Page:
On June 6, 2011 the United States Court of Appeals, Ninth Circuit issued a fairly innocuous, unpublished opinion, rendered without oral argument, against an appellant appearing pro se in a bankruptcy matter. The Order affirmed an order of a Bankruptcy Appellate Panel order affirming a bankruptcy court’s orders surcharging the appellant’s homestead exemption and imposing discovery sanctions. (In re: Stephen Law, Debtor, Stephen Law, Appellant, v. Alfred H. Siegel, Chapter 7 Trustee, Appellee, No. 09-60046). Little did the parties or the Ninth Circuit know that the case would become a cause celeb for the Supreme Court of the United States, which is to hear oral arguments in the case on January 13, 2014. (In the Supreme Court of the United States, Docket No.12-5196, Petition for Certiorari and Motion to Proceed in Forma Pauperis filed July 5, 2012 and granted June 17, 2013.)
Mr. Law filed a Chapter 7 petition for bankruptcy, claiming that his residence, his primary asset, was worth slightly more than $350,000. Law identified liens totaling nearly $450,000 against the home. One of the liens claimed by Law was one in favor of “Lin’s Mortgage & Associates” in the approximate amount of $150,000. The lien was “a fiction”, in the words of the bankruptcy court, “designed to preserve…equity in his residence beyond what he was entitled to exempt as a homeowner, and a fraud on his creditors and the court.” According to Law’s filings, there was no equity in his residence to fund a homestead exemption and little incentive to creditors to require a sale of the residence. In all likelihood, the home would revert to Law in accordance with Sec. 554 of the then version of the bankruptcy code. The home eventually sold for far more than its’ claimed worth, a sum which would have satisfied all creditors, provided for the bankruptcy Trustee’s costs, left Law with a bankruptcy exemption of $75,000 and a surplus as well. (California, like many states, has opted out of the Federal bankruptcy exemptions, and at the time this case arose provided a homestead exemption of $75,000. Maryland’s “homestead exemption” is found at Courts and Judicial Proceedings Article 11-504(f)(1)(i)(2), the value of which is tied to the federal homestead in 11 U.S.C. §522(d)(1), currently the amount a bankrupt debtor can exempt of their “owner-occupied residential real property” is $22,975.).)
Law attempted to establish the fake lien through the aid of another (who refused to go along with his scheme thereby causing him to create a fictitious promissory note holder) in an attempt to shield his assets in an ongoing tort matter. He resisted every effort of the Trustee to ferret out the facts of the fictitious transaction, including numerous reviews of adverse decisions, and ran up a huge cost to the bankruptcy estate in so doing. The bankruptcy court cited instances of the submission of false evidence and filings by Law on behalf of a non-existent person as evidence of his fraud. The cost of Law’s fraud to the bankruptcy estate far exceeded the non-exempt equity in Law’s residence and his homestead exemption. All creditors were eventually satisfied out of the proceeds of the sale of the house and there were virtually no other assets available to the trustee to satisfy the costs of the bankruptcy estate. So, if the exemption were allowed the bankruptcy estate would not be fully compensated for its costs and Law would walk away with his homestead exemption intact. Under the facts of the case, the bankruptcy court held that Law had forfeited his ability to claim a homestead exemption and it denied him a discharge in bankruptcy. Law once again appealed and the Bankruptcy Appellate Panel affirmed the bankruptcy court order. The Ninth Circuit affirmed and the United States Supreme Court then granted certiorari.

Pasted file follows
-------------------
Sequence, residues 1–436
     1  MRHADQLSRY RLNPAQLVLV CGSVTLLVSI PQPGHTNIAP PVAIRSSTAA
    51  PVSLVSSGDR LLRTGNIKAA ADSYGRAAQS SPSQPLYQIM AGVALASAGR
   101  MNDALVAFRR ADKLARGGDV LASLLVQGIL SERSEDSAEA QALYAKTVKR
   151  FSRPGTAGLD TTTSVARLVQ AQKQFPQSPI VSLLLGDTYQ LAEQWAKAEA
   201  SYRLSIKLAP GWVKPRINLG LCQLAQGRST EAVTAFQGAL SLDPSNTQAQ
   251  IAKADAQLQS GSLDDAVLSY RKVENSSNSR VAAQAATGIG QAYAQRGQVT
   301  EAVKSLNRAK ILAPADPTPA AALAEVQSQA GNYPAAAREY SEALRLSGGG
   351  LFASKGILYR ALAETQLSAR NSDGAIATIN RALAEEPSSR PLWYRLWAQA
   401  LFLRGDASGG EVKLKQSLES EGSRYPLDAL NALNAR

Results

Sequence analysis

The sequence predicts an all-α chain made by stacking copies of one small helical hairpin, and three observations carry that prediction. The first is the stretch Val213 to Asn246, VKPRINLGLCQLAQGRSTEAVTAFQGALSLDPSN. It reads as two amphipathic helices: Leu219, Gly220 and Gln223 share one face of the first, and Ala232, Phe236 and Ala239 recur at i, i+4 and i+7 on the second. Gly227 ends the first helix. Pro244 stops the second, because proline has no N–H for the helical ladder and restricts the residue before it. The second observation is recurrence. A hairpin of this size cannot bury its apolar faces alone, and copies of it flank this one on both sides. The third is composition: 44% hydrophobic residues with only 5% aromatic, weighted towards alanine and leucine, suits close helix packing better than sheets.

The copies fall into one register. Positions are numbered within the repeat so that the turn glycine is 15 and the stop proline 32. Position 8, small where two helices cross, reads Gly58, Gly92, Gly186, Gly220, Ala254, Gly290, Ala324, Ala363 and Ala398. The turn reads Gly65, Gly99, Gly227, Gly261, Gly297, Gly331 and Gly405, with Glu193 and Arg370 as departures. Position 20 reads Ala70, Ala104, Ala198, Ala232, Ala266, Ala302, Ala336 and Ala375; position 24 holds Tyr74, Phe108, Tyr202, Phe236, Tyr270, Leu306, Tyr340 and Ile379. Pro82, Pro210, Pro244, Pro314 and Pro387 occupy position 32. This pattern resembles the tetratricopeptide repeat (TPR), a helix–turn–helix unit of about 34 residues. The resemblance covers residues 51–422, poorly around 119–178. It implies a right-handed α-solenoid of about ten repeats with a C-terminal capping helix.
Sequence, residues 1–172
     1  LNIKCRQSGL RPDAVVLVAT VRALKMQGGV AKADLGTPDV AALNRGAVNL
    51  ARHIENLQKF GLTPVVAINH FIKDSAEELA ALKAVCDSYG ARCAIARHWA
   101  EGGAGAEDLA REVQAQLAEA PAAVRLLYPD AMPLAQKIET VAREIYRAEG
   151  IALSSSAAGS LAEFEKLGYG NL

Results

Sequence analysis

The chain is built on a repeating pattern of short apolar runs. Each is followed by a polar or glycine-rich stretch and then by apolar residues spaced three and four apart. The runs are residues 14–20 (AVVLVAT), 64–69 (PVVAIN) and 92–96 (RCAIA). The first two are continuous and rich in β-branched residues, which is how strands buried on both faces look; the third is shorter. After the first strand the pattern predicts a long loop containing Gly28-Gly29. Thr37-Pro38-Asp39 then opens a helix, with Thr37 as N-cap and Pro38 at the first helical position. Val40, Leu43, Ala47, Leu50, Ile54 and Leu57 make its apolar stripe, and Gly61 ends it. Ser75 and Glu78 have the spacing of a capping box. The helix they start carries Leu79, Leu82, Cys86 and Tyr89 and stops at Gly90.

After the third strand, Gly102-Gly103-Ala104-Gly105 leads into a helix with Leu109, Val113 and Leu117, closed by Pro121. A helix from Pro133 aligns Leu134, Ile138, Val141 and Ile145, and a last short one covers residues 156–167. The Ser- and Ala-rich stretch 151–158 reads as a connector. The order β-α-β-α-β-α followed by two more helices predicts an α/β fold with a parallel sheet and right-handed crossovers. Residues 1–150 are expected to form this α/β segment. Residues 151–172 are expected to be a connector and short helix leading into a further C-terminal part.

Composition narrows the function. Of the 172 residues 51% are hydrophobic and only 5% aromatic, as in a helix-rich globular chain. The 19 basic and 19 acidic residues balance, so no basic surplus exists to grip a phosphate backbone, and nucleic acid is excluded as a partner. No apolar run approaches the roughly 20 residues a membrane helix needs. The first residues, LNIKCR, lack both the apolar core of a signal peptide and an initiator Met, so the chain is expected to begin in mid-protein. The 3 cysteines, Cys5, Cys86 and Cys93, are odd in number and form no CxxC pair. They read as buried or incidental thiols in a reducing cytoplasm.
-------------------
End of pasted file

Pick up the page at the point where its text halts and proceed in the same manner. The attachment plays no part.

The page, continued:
The bankruptcy court relied on Sec. 105(a) of the Bankruptcy Code which generally authorizes the court to issue “any order…necessary or appropriate…to carry out the provisions of this title… or to prevent an abuse of process.” The trustee will argue before the Supreme Court that this general notion of preserving the integrity of the bankruptcy system trumps all else. In essence, “bad” debtors should not be rewarded for “bad” acts.
Law argues before the Supreme Court that Sec. 522(k) of the Bankruptcy code prohibits the homestead exemption from being used to satisfy administrative costs of the estate. Furthermore, under Sec. 522(q) of the Code, a criminal conviction for felony bankruptcy fraud (which had not occurred in this instance) would still permit the exemption to stand because the limitation amount of that section exceeds the amount of the California homestead exemption.
One may legitimately ask why the bankruptcy trustee felt compelled to incur such large costs in pursuing this matter. The excessive cost of pursuing Law’s fraud may factor into the Supreme Court’s decision. There is some evidence in Law’s Petition for Writ of Certiorari to the Supreme Court that at one point the Bankruptcy Appellate Court believed the trustee was seeking to shift costs to Law to “punish” him for his litigation tactics.
The conundrum confronting the Supreme Court, however, in this instance is to the effect that the denial of a discharge to Law is irrelevant – his creditors were ultimately satisfied by the sale of the home, even though the bankruptcy estate was not made whole for administrative costs. So, will the Court accept the argument of the trustee to the effect that general bankruptcy court power to preserve the “sanctity” of the Bankruptcy Code permits forfeiture of Law’s homestead exemption or hold the specific sanction provisions of the Code supersede it? The cost expenditure of the trustee and the conduct of the debtor may result in a decision that proves the old expression “bad cases make bad law.”